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Monday, April 2, 9:37 a.m.

I speed the entire way to Harborview Hospital just south of downtown Seattle. Sprawling, linked to innumerable clinics, and equipped with myriad high tech medical marvels, it’s the place the paramedics take you when something very bad has happened to you. It’s not far from the headquarters of my second career, circa my mid-20s. The war refugee mothers to whom I played social worker used to bring their U.S. born babies to Harborview’s emergency room every time they had so much as a cold. They told me they’d seen too many babies (their own, mainly) die in the refugee camps from simple diarrhea or a cough that turned deadly. They had no problem with medical overkill for a case of the sniffles. But it annoyed the nurses no end.

I ask after Jack O’Lies at the front desk. I’m directed to another desk. Then another. HIPAA privacy laws are invoked, then Jack’s records are consulted via computer. For some reason, I’m on his emergency contact list. I’m directed to the intensive care unit.

Oh God…

I find Jack in a hospital bed. He’s in a paper gown. He’s got an oxygen tube in his nose. He looks terrible.

I crumble before I reach his bedside.

“Oh God, Jack…” I say, as I halt a good six feet from his bed. “What happened to you? Are you okay? No, obviously not…but…what happened?”

His eyes open slowly. They drift to me. They widen slightly…brighten slightly.

Now would be the perfect time to breach the barrier. I should step up to his bed and place my hand on his chalk-white brow. Or take his blue hand lying limply on the thin hospital coverlet and hold it tight in mine.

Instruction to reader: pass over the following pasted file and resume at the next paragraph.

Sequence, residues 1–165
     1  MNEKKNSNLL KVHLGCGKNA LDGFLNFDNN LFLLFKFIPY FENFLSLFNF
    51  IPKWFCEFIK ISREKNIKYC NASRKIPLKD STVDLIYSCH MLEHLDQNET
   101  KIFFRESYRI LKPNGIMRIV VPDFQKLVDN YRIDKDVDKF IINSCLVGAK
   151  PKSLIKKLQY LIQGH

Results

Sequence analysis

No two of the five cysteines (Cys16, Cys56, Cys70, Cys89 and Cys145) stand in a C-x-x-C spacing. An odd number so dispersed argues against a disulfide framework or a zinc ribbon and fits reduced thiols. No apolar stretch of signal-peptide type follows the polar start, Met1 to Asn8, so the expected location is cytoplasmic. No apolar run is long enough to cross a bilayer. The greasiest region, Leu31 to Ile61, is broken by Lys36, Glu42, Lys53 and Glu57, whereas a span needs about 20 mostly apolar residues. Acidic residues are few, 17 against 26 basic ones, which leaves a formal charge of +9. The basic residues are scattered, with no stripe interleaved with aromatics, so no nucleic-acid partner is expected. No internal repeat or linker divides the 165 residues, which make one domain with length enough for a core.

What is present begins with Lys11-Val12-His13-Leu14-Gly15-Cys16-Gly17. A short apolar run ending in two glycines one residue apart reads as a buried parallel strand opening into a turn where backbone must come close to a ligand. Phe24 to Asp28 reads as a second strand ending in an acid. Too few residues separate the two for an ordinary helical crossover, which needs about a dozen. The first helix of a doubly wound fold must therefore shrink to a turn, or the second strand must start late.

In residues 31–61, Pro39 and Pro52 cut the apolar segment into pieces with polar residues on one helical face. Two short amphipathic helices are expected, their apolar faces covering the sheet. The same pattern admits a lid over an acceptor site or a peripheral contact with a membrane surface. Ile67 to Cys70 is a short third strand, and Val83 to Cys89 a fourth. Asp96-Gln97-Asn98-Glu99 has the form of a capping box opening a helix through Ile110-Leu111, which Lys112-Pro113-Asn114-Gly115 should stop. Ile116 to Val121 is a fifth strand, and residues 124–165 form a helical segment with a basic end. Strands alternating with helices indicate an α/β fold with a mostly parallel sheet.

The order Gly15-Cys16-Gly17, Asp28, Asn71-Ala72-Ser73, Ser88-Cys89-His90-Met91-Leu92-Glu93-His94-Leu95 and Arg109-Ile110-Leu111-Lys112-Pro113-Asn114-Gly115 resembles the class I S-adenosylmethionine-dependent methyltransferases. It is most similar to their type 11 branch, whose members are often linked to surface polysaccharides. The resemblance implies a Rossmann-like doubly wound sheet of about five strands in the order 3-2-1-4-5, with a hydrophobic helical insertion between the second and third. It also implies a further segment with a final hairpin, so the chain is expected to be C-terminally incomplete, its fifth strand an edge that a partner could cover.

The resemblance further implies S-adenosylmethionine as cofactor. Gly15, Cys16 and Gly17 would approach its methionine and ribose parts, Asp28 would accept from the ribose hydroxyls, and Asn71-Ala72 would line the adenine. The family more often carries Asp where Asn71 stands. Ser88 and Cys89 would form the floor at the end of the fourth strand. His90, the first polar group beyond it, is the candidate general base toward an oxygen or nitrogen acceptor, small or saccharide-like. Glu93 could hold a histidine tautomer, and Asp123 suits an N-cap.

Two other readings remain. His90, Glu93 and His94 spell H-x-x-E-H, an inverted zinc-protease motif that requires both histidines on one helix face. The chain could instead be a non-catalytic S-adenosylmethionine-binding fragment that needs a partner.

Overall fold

Instead, I awkwardly grab a spindly chair situated near his thrumming heart monitor. I scrape it loudly across the linoleum and sit not too close to his bed. The truth is, I’m repulsed and scared as hell to see him reduced to this medical specimen. He looks like his Alzheimer’s addled mother. He makes the marrow ache deep in my bones.

“Can you breathe okay?” I say. “I had one of those things in my nose when I was in labor. It was awful. It doesn’t do anything. The nurses said I was hyperventilating, so they put oxygen up my nose. Then they said I was still hyperventilating, so they made me put a paper bag over my face. Seriously! Pure oxygen, then oxygen deprivation. Nurses are sadistic, I swear. Jack? Are you…can you answer me? Oh God, what happened to you?”

Jack does not reach for my hand as he lies in his hospital bed. But his eyes reach for mine. He coughs the rheumy cough I knew so well when I smoked, then he tries to talk to me.

“Katherine?” he says. His voice is so ragged I can barely hear him.

“Yes,” I say. “I’m here. Do you want to tell me what happened?”

Jack coughs again. He inhales hard, his chest hitching under the paper gown.

“They tried to kill Lucy,” he says. “But I saved her. She’s okay. I…”

He coughs again. I want to pull the oxygen tube out of his nose. I know it’s making things worse.

“Talk to me,” I say. “Please, Jack. I don’t know what to ask you.”

“You can’t record this, Katherine,” Jack says.

He pauses to draw a breath. He’s as pale as the moon.

“You can’t take notes,” he says.

He coughs for a solid sixty seconds, making his heart monitor pick up to a gallop. He lies very still in the hospital bed, gasping shallowly as the monitor gradually slows.

At last, he says, “Just listen.”

 

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